Distichiasis Average Cost

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Average Cost


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What are Distichiasis?

Distichiasis is a common condition in dogs, but it is more prevalent in the American Cocker Spaniel, English Cocker Spaniel, Miniature Dachshund, Longhair Dachshund, Bulldog, and Weimaraner breeds.

Distichiasis, or the presence of extra eyelashes, in dogs is a condition where hairs grow in an unusual area on the eyelid. The hairs will generally grow out of the meibomian glands at the lid of the eyelid. Depending on the number of hairs, the rigidity of the hairs, and the direction of the hairs, this can cause problems to the eye itself.


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Symptoms of Distichiasis in Dogs

The presence of extra hairs, or eyelashes, does not cause a problem in many dogs. The hairs are not bothersome and many pet owners do not even realize that their dog has extra hairs on the eyelid. However, there are symptoms to watch for:

  • Rubbing the eye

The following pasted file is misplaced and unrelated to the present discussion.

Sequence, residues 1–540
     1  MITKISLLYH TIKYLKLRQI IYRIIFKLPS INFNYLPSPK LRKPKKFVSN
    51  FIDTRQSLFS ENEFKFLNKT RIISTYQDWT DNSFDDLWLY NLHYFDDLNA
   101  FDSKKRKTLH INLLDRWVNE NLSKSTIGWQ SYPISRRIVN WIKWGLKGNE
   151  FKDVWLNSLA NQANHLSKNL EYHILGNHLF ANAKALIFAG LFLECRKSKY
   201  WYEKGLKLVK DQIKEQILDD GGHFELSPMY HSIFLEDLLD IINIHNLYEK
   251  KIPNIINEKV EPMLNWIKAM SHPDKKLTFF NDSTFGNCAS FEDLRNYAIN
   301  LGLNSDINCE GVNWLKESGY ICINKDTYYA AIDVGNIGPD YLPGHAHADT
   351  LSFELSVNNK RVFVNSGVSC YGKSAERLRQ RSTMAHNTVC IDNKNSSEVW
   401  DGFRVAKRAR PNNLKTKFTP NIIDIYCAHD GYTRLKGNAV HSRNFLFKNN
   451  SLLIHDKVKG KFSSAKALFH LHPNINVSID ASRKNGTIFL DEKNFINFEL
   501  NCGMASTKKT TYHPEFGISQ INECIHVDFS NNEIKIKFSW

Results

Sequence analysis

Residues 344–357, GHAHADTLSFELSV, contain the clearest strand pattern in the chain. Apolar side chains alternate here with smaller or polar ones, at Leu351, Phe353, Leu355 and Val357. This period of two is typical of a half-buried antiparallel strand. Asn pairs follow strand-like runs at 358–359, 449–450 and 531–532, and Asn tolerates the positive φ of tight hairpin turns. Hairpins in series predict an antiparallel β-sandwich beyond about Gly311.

• Increased blinking
  • Squinting of the eye
  • Increased watering
  • Redness of the eye
  • Ulcerations in the eye

Causes of Distichiasis in Dogs

Distichiasis is a fairly common condition and it is not known why extra hairs emerge from the ducts of the meibomian gland. It can occur in any dog with varying degrees of severity. 

The presence of symptoms in your dog will depend on the eyelid conformation, the number of hairs growing abnormally, the length of the hairs and the coarseness of the hairs. Many dogs, such as Cocker breeds, are affected but only a small percentage will require treatment.

Diagnosis of Distichiasis in Dogs

In severe cases, the extra lashes can be seen with the naked eye. A veterinarian can examine your canine’s eye and determine, based on medical history of your dog, the breed and the observation of the misaligned hairs, if treatment is required.